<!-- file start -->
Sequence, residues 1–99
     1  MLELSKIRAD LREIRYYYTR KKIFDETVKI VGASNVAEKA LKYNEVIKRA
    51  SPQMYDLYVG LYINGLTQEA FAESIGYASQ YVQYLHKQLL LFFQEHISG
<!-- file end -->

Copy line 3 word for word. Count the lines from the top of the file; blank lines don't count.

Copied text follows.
    51  SPQMYDLYVG LYINGLTQEA FAESIGYASQ YVQYLHKQLL LFFQEHISG